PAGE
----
We crossed our fingers a few weeks back, and we got our wish: At least in the Eastern Mojave, this is one of the best bloom years for Joshua trees in living memory. For the last three weeks, most Joshua trees in the stretch of desert near Joshua Tree National Park have been putting out an historic level of bloom. That's likely to continue for a couple more weeks, making up for an otherwise uninspiring wildflower season through most of the desert.
In a typical "good bloom" year, after the requisite cold and wet winter, maybe one Joshua tree in five will sport the tree's characteristic panicles of waxy cream-colored blooms. In the Morongo Basin north of Joshua Tree NP this year, that's more like four out of five trees bearing multiple panicles.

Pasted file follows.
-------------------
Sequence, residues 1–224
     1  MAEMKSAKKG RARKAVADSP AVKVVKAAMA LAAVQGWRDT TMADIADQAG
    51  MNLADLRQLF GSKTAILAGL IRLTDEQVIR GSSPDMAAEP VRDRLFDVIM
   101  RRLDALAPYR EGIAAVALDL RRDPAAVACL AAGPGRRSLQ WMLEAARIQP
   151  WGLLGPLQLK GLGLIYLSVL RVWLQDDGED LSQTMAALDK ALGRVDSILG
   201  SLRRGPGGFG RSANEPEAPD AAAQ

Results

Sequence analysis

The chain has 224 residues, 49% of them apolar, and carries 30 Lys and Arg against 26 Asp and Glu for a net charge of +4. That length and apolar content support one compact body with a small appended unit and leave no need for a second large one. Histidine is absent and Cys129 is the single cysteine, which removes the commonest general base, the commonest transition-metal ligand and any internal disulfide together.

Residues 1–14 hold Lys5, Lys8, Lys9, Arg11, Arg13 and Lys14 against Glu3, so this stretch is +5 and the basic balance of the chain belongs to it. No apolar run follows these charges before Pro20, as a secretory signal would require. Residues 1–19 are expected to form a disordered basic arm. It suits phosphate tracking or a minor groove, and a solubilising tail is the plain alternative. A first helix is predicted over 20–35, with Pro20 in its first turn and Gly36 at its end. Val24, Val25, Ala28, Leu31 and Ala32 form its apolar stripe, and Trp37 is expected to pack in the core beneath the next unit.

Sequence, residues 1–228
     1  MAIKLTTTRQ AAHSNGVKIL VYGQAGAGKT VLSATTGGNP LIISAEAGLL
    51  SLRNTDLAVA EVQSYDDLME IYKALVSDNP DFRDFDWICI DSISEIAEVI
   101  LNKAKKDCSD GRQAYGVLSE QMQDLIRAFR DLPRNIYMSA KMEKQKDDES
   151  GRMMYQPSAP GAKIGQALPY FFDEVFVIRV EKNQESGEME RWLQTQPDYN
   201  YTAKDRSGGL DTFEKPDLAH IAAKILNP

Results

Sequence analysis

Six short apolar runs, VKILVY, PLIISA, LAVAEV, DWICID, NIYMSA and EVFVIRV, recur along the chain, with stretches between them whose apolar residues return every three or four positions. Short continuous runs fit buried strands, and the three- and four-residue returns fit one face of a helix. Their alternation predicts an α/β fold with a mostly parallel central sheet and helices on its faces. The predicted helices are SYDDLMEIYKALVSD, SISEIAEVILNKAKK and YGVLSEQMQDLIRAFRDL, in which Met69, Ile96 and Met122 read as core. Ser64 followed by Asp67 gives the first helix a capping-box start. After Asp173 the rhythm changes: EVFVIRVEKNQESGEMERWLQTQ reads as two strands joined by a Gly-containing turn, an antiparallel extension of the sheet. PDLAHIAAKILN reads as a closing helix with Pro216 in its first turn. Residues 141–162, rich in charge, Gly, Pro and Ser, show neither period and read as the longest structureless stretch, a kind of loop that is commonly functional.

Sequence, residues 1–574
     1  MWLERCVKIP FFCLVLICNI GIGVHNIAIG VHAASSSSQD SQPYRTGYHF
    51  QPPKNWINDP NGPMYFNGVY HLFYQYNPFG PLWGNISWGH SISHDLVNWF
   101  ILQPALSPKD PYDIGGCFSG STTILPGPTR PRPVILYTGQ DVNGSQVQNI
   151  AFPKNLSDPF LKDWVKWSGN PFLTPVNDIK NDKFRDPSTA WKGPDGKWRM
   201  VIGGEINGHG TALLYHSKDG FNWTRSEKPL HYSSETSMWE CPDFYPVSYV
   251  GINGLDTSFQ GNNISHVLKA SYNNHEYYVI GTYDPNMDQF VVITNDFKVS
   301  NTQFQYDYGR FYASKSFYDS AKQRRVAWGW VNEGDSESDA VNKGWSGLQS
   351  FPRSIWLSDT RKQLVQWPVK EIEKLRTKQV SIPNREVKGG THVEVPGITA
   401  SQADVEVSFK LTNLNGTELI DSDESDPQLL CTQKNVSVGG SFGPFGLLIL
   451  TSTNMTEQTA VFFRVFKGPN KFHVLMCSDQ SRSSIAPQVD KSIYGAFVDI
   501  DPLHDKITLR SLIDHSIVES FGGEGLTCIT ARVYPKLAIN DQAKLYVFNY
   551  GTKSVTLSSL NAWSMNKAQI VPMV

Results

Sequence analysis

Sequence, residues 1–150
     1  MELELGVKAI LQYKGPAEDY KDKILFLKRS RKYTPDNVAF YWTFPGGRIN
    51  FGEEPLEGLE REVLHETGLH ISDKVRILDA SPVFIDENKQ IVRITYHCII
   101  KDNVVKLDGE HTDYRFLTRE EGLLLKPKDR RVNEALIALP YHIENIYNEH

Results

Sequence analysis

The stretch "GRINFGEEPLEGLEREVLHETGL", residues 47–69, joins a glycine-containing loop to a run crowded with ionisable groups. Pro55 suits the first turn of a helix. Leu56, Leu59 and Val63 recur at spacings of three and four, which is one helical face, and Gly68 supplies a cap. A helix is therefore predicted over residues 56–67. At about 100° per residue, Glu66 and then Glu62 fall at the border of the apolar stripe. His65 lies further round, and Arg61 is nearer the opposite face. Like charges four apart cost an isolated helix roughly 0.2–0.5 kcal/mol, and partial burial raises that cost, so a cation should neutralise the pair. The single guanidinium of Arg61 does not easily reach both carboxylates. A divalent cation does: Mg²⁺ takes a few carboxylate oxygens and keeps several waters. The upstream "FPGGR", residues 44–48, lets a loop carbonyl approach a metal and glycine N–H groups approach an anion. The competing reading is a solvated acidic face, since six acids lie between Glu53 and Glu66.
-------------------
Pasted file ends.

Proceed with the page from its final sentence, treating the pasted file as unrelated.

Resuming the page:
According to David Lamfrom of the Mojave National Preserve Conservancy, it's much the same in the Joshua tree-bearing portions of the Preserve. (I'll be heading up that way next week to check for myself.) Rumor has it that the bloom in the Western Mojave isn't quite as profuse: if you know otherwise, drop us a note in comments.
Joshua tree blossoms last for a little while, so you don't quite need to drop everything and head out to the Eastern Mojave tomorrow morning to see them. Some of the flowers at around 3,000 feet are already spent, but there are plenty at higher elevations not yet open.
Don't wait too long, though: by mid-April, most of this historic bloom will be history.
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